The New Adam – Stanley G. Weinbaum

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Edmond Hall, born a mutant with too many joints in his fingers and a double mind, tries to find a purpose in a society of humans. While pondering whether he’s a superman or the devil, he explores pleasure, power, and passion.

This is not a warm and fuzzy story, but it is a good example of science fiction with a purpose. Stanley Weinbaum envisions a superior human, and does his best to imagine what such a man would do in human society. The process is methodically thought through, and Weinbaum sticks to his script most of the way through. The result is a reasonably credible and interesting speculation on what an unheralded superman might do with his time.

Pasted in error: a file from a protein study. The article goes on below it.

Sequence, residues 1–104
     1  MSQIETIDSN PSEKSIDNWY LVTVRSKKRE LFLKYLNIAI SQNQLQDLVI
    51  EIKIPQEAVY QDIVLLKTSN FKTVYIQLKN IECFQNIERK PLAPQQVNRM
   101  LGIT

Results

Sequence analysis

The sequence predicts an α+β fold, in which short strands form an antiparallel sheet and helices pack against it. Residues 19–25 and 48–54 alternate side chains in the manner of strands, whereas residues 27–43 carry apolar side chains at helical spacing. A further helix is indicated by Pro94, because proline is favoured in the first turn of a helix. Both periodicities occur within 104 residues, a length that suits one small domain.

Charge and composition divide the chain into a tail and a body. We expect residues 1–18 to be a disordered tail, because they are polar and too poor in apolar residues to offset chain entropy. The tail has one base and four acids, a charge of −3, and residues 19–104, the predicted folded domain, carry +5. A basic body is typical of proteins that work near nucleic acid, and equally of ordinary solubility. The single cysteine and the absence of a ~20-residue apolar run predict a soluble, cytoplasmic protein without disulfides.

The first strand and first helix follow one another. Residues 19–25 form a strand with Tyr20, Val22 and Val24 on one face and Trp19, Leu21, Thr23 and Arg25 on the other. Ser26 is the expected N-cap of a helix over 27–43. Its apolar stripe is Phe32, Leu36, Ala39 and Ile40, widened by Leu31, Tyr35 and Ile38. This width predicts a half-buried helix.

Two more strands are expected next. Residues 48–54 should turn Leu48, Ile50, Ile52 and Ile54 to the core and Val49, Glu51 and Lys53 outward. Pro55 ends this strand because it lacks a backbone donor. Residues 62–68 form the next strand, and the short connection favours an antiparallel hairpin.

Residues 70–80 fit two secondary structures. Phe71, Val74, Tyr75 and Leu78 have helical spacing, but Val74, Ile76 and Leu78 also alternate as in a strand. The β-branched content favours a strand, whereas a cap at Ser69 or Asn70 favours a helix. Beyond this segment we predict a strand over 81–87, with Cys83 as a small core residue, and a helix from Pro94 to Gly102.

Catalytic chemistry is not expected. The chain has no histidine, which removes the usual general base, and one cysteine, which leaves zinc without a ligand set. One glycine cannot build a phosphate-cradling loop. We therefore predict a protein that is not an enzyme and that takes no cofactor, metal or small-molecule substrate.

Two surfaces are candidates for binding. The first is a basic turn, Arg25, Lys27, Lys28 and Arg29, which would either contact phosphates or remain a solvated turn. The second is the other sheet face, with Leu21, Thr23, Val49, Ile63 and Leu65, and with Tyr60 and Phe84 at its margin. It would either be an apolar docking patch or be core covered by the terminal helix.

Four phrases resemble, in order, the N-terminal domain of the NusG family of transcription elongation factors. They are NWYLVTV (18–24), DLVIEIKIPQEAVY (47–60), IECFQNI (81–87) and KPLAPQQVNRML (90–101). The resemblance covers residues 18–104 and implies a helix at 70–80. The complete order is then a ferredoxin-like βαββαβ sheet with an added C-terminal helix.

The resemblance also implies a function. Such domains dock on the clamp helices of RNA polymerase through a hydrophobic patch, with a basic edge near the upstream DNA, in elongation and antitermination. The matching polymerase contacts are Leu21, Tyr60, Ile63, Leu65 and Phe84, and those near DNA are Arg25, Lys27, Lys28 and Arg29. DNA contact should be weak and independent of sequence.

Weinbaum lets his strictures slip slightly at the end in order to introduce some drama and to illustrate the dangers of hubris, but he does so smoothly enough that it works. Even in this slippage, his narrator is fairly consistent. The chapter titles as well demonstrate a keen, dry sense of humor at work.

All in all, a good example of thought-experiment SF, and worth reading.

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